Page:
The severe floods and slowdown in the global economy, which the World Bank warned of on Tuesday, will force Pakistan’s economic growth to further fall to 2% during the current year, down two percentage points from its prediction from June 2022.
The World Bank’s most recent Global Economic Prospects study, a flagship publication of the World Bank Group, forecasted that global growth will decrease this year, from 3 percent to 1.7 percent, a “sharp, long-lasting decline.”
It claimed that due to increased inflation, higher interest rates, decreased investment, and disruptions brought on by Russia’s invasion of Ukraine, global GDP was dramatically slowing down.
The Washington-based financing organization claimed in the research that Pakistan’s economic output was not only dropping on its own but also lowering the rate of regional growth. It predicted that Pakistan’s GDP growth rate will increase to 3.2 percent in 2024, which would still be lower than the earlier prediction of 4.2 percent.
The bank stated that in addition to flood losses and the ensuing rise in poverty, “policy uncertainty further complicates the economic outlook” for Pakistan. It went on to explain that a precarious economic situation in Pakistan, with low foreign exchange reserves and large fiscal and current account deficits, was made worse in August of last year by severe flooding, which claimed many lives.
About 15 percent of the population was directly impacted, and about one-third of the country’s land area was damaged, resulting in infrastructure damage.
“Recovery and reconstruction needs are expected to be 1.6 times the FY2022-23 national development budget,” it said, adding that the flooding is likely to seriously damage agricultural production — which accounts for 23pc of GDP and 37pc of employment — disrupting the current and upcoming planting seasons and pushing 5.8 million at 9m people into poverty.
Pakistan’s currency declined by 14% between June and December, while the country’s risk premium increased by 15% within the same time frame due to the country’s low foreign exchange reserves and rising sovereign risk.
The World Bank said that the annual rate of consumer price inflation in Pakistan reached 24.5 percent in December, following a period of its highest pace since the 1970s.
The South Asian area is expected to increase by 5.5 percent and 5.8 percent in 2023 and 2024, respectively. This is a minor decrease of 0.3 percent to 0.7 percent from earlier projections.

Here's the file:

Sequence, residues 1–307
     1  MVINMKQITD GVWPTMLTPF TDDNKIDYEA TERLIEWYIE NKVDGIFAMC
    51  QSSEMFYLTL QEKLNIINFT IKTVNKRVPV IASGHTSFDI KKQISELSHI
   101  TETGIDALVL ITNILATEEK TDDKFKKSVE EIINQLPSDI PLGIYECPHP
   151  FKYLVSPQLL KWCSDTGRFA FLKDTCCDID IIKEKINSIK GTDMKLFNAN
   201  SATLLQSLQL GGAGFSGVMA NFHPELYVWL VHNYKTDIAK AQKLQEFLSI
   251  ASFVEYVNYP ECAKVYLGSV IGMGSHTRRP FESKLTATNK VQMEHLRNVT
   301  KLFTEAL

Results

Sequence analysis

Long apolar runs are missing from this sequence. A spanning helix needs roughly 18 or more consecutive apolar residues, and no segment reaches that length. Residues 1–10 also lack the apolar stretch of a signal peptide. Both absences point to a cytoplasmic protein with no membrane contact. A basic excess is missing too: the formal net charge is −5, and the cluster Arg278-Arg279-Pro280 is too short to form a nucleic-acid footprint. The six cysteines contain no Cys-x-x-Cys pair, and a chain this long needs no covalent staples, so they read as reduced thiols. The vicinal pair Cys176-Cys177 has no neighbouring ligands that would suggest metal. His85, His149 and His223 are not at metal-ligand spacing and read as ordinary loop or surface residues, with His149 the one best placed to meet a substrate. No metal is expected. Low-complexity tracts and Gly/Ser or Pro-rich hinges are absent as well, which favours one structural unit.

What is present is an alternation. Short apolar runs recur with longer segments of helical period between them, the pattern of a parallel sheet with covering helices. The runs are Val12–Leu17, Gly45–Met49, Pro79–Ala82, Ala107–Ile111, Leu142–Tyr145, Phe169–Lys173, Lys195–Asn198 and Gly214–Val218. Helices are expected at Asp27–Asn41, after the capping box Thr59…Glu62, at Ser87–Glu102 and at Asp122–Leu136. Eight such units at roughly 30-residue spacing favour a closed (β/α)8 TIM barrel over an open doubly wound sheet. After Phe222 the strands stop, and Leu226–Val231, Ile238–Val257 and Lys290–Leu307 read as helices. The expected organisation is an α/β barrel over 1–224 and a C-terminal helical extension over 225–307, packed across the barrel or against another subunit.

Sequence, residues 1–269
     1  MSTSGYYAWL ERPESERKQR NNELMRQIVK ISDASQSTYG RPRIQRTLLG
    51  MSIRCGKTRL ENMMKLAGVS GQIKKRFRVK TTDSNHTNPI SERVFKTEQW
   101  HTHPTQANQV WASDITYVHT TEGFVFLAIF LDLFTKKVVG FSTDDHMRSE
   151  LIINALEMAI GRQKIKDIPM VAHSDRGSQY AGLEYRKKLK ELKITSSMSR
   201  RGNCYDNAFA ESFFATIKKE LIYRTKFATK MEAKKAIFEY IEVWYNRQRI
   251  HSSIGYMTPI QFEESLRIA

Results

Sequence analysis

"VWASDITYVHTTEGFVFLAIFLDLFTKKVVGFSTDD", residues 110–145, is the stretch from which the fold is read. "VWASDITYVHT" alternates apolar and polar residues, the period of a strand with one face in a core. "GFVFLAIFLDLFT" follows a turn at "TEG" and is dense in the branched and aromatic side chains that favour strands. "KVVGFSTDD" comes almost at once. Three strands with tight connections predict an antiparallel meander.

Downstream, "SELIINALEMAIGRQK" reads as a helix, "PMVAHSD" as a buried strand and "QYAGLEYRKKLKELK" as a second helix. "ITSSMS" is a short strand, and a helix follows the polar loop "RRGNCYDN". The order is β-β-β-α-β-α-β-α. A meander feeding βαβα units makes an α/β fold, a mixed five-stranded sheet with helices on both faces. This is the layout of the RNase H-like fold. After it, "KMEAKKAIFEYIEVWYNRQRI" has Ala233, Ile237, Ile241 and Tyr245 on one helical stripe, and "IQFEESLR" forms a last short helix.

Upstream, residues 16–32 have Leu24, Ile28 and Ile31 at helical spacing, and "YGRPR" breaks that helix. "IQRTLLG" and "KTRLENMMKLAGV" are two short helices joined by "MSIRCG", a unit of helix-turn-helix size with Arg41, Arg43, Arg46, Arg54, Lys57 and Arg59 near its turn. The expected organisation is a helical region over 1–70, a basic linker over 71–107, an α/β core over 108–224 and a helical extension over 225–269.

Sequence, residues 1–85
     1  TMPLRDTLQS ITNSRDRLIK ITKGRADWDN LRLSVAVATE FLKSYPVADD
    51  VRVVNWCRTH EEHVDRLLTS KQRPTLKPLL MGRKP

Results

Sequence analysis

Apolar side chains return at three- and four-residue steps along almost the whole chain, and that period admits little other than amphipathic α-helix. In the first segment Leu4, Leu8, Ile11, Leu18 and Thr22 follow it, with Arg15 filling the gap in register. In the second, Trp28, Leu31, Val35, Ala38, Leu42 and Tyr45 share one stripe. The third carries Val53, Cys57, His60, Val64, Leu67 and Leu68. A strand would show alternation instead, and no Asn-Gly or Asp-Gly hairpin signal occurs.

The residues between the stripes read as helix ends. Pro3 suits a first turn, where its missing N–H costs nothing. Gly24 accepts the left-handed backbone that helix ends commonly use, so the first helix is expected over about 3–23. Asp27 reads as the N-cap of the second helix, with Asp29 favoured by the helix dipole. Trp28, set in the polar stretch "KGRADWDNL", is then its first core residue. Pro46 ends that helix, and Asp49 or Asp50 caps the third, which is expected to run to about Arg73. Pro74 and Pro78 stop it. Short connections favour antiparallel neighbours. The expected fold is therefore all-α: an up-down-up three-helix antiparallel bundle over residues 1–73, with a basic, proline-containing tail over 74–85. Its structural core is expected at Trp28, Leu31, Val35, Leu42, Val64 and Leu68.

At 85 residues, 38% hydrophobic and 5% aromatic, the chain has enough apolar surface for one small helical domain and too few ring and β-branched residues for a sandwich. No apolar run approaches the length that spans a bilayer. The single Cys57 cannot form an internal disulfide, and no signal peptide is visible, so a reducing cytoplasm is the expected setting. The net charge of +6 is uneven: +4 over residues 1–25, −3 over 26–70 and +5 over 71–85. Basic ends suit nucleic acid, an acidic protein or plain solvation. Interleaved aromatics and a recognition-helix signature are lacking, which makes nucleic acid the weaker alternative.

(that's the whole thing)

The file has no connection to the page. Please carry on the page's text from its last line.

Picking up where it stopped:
“This pace reflects still robust growth in India, Maldives, and Nepal, offsetting the effects of the floods in Pakistan and the economic and political crises in Afghanistan and Sri Lanka. The deteriorating global environment, however, will weigh on investment in the region,” the report said.
Growth in the region outside of India is predicted to be lower in 2023 and 2024, at 3.6 percent and 4.6 percent, respectively, than it was before the pandemic. This is mostly caused by Pakistan’s sluggish growth, which is forecast to be 2 percent in FY2022-23, or half the rate that was expected in June last year.
Pakistan is dealing with difficult economic circumstances, including the fallout from the most recent flooding as well as ongoing political and policy uncertainties. Growth is anticipated to rise up to 3.2 percent in FY2023–24, which is still below prior predictions, as the country takes policy steps to stabilize macroeconomic conditions, inflationary pressures abate, and reconstruction after the floods get underway.
The prevalence of food insecurity has increased throughout South Asia as a result of the country’s sharply rising food prices, particularly in Pakistan and Sri Lanka.
Food export restrictions, which are becoming more common, may have unforeseen consequences and drive up food costs globally. Food export restrictions, including those on rice, wheat, and sugar, were enacted in 2022 by Afghanistan, Bangladesh, India, and Pakistan.
According to estimates, the recent floods in Pakistan have cost the country’s economy damage equal to 4.8 percent of GDP. Extreme weather conditions can worsen food insecurity, cut off a region’s access to vital supplies, destroy infrastructure, and directly affect agricultural output.
The World Bank research observed that the worsening of economic conditions has resulted in a marked increase in poverty in some economies (Afghanistan, Pakistan, Sri Lanka). Due to fuel rationing, many households are eating less nutrient-dense food, and rolling electricity blackouts have become commonplace.
The combination of limited foreign exchange buffers and widening external current account deficits encouraged several countries (including Bangladesh and Pakistan) to approach the International Monetary Fund to help bolster foreign exchange reserves and mitigate external financing pressures. In parallel, governments have tightened fiscal policies and, in some cases, imposed import controls and food export bans.